The Third Room of Preaching: A New Empirical Approach
Pickwick Publications, 2021 (2nd edition), £23.00. ISBN 978-1-7252-7700-7
This is a profoundly encouraging book. Written by a bishop in the Danish Lutheran Church it is a popularised version of her 2014 PhD dissertation, but this is no nit-picking account of some abstruse academic point. Instead, it is a work of intense practicality born of a rigorous and thoroughly practice-based piece of empirical research. Any preacher who has been troubled by apparently shallow responses like ‘Thank you for your message’ with no further elucidation forthcoming, will find here reason to think again more positively about what is being said. Similarly, if you have been troubled by listeners not being able to report back to you any significant points from one of your recent sermons, Gaarden provides reassurance that your efforts have not been in vain.
Our discomfort lies, according to Gaarden, in the dominance of the transfer model of communication where the speaker is thought of as active and the listener as passive, as if the speaker determines what the hearer hears. Using that idea, we fall into the trap of thinking we preachers determine what churchgoers receive. Our measure of effective preaching becomes how good we are at transferring knowledge between ourselves and listeners. Disillusionment follows with the realisation of how weak that transfer is. Gaarden’s study – listening to the listeners – demonstrates a more fruitful way, and interestingly a way more obviously open to the movement of God within worship.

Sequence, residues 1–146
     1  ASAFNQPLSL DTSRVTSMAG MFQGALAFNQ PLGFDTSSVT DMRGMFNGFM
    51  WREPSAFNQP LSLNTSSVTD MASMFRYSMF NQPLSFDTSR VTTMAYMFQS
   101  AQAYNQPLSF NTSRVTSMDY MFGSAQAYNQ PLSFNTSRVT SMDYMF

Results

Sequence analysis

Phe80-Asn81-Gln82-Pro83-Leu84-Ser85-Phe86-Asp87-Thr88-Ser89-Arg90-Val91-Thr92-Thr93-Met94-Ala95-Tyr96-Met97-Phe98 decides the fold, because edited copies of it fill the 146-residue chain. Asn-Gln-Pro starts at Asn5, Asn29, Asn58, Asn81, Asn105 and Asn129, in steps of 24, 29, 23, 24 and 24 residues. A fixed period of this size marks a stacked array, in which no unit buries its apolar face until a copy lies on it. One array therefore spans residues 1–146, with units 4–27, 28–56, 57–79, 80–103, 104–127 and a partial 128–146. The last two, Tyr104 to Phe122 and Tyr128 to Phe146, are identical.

Gaarden found that listeners use elements of the sermon as suits them and build those things into their own pre-understandings in ways that meet their needs as situated persons. None of this is determined by the preacher and may be inconsistent with the preacher’s intention(s). Nevertheless, a surplus of meaning is created in the sermon event, even if the listener only utilises a small fragment of what the preacher offers. The meaning created neither ‘belongs’ to the preacher nor the listener, but rather emerges in the varied dialogues and inter-relationships created in the ‘third room’ (as it were) of preaching. The implications of such intersubjectivity are spelt out in both practical and theoretical terms.
Gaarden urges preachers to acknowledge that we are tools in this process, not its creators or designers. Something larger than ourselves (and our listeners) is happening. Does this let preachers off the hook in terms of effort and preparation? Far from it, according to Gaarden, since a proper sympathy between preacher and listeners is a precondition for the emergence of meaning. If anything, the significance of the ethos (in classical rhetorical terms) of the preacher is more important than ever. The widely heard call for obvious authenticity and engagement from preachers is reinforced by Gaarden’s findings.
If you have become a little jaded in the preaching task, this book will restore your purpose. If you are an encourager of new preachers, Gaarden’s findings and thoughts about learning will fuel new enthusiasms and developments. If you are tempted towards some research in your own or others’ preaching practice, Gaarden’s thoughtful reflection on methodological issues will be a spur to taking the plunge. Or, if you are simply a preacher keen to think deeply about where homiletics is heading in these highly contested times, then Bishop Gaarden can be trusted as a life-enhancing guide. Highly recommended.
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